Rachael Denhollander, a Louisville-based attorney best known for being the first woman to publicly accuse Larry Nassar of sexual abuse in a case that has resulted in nearly $1 billion in settlements, has been working with the plaintiffs for nearly a year. She’s not the lead attorney but would share in a potential settlement. In an interview, she described Anderson’s assertions as “an absurdity in the highest degree.”

“Warnings about Lars’ predatory sexual behavior (were) received multiple times by UK for years prior to the controversy regarding (trans athletes competing in) women’s sports, with the first coming nearly a decade prior,” she told the Lantern, echoing information contained in the complaint. “All three survivors had disclosed their violent abuse to unconnected individuals prior to speaking publicly. Attempting to dismiss patterned rape allegations from multiple victims by alleging a woke conspiracy is absolute nonsense.”

Anderson did not immediately respond to interview requests left at his Jacksonville, Florida, law office. Efforts to reach Jorgensen and Conelly for comment were unsuccessful. Barnhart declined comment on the suit when approached last Sunday, citing the ongoing litigation.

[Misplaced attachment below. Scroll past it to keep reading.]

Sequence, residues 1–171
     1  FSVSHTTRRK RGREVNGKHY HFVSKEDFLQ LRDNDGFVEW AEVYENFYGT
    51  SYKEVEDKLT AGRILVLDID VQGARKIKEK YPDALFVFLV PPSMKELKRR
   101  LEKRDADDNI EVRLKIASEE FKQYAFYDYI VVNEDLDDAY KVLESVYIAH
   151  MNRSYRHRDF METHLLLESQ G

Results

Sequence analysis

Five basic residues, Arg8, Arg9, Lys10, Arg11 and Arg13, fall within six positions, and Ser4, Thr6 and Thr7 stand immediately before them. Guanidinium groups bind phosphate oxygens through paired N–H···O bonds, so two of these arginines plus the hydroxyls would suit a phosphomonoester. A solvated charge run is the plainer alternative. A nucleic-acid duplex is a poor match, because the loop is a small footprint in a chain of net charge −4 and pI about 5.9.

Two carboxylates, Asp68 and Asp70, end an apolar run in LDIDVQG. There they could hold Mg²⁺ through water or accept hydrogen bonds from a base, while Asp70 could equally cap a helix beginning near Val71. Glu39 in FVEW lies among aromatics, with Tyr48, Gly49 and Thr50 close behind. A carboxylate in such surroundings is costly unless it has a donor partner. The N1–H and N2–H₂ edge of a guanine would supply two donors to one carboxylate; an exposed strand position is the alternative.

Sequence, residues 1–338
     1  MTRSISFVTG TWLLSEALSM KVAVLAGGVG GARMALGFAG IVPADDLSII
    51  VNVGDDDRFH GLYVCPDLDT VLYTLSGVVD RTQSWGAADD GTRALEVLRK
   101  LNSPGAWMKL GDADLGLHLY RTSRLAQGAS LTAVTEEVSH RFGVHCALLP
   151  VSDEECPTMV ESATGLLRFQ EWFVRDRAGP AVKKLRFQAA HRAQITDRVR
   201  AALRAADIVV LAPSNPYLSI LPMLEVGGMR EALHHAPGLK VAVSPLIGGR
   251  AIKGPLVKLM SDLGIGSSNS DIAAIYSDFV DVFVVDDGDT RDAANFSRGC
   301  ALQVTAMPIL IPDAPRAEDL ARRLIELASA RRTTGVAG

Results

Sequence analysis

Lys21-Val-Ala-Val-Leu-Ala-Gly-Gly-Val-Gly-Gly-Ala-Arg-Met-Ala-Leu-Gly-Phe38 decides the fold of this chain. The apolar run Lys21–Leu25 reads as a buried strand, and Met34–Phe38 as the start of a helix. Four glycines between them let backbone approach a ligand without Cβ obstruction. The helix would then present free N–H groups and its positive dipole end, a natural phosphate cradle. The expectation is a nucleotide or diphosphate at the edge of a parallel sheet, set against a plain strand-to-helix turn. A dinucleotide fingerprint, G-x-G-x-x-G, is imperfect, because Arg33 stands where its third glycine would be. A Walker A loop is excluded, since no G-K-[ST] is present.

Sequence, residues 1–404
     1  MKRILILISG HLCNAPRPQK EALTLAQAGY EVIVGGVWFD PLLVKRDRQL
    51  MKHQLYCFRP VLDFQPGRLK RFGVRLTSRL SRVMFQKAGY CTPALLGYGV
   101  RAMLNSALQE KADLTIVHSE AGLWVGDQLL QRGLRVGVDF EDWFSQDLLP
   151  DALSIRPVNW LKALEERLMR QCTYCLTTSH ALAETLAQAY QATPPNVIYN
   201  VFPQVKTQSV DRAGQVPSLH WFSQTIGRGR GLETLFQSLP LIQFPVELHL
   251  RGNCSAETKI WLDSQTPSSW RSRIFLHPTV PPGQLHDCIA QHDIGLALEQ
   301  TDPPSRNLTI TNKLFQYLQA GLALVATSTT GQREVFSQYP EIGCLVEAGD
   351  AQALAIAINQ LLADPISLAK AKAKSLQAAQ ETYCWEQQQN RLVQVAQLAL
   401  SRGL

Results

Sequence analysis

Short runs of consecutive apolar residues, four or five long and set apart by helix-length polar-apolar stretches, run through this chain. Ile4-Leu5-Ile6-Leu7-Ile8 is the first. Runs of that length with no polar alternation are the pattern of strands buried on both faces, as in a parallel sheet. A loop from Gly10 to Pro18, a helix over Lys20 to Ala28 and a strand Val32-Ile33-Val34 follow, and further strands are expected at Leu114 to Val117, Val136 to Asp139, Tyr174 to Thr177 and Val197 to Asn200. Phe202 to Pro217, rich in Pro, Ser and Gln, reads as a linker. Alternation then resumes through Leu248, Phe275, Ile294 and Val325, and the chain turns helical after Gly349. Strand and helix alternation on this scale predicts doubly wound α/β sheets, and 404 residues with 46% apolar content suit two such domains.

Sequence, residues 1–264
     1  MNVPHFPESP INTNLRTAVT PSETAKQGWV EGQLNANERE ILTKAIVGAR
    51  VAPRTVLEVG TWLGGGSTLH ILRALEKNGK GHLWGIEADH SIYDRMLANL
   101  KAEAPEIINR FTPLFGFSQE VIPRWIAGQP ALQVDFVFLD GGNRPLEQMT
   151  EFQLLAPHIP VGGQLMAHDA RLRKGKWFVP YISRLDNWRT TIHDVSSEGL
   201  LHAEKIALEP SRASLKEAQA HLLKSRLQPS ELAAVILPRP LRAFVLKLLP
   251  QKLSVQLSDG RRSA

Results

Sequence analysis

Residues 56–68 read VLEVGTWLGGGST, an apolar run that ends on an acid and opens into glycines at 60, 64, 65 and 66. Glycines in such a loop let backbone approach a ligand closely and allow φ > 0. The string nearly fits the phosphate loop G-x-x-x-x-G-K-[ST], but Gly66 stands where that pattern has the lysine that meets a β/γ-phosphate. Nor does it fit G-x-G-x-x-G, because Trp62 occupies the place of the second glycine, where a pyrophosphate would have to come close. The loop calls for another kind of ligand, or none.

Willett said the university police department has been contacted about the allegations and “is in the process of assessing the information received.”

Warnings ignored, says sex abuse lawsuit filed by former University of Kentucky swimmers
Rachael Denhollander

“We are distressed to hear the disturbing allegations of sexual assault and criminal behavior by a former University of Kentucky employee,” Willett said in a statement issued on Wednesday. “No one should be subject to the kind of abuse described in the civil lawsuit filed Friday. . .

“Our top priority is the health and safety of our students and employees. We have no tolerance for harm, harassment or abuse.”

Denhollander has difficulty reconciling those professed priorities with the issues raised by the plaintiffs or the warnings communicated from other campuses during Jorgensen’s tenure.

“Words cost nothing,” she said. “Actions tell everything.”

“I thought I could trust them,” Alexander said during a Zoom press conference on Wednesday. “I disclosed my abuse and thought it was being taken care of. And months went by and I never heard anything back. So I reached out. I was just repeatedly discouraged and vigorously discouraged to not come forward and not publish this reporting. That’s what’s hurting me the most at this moment.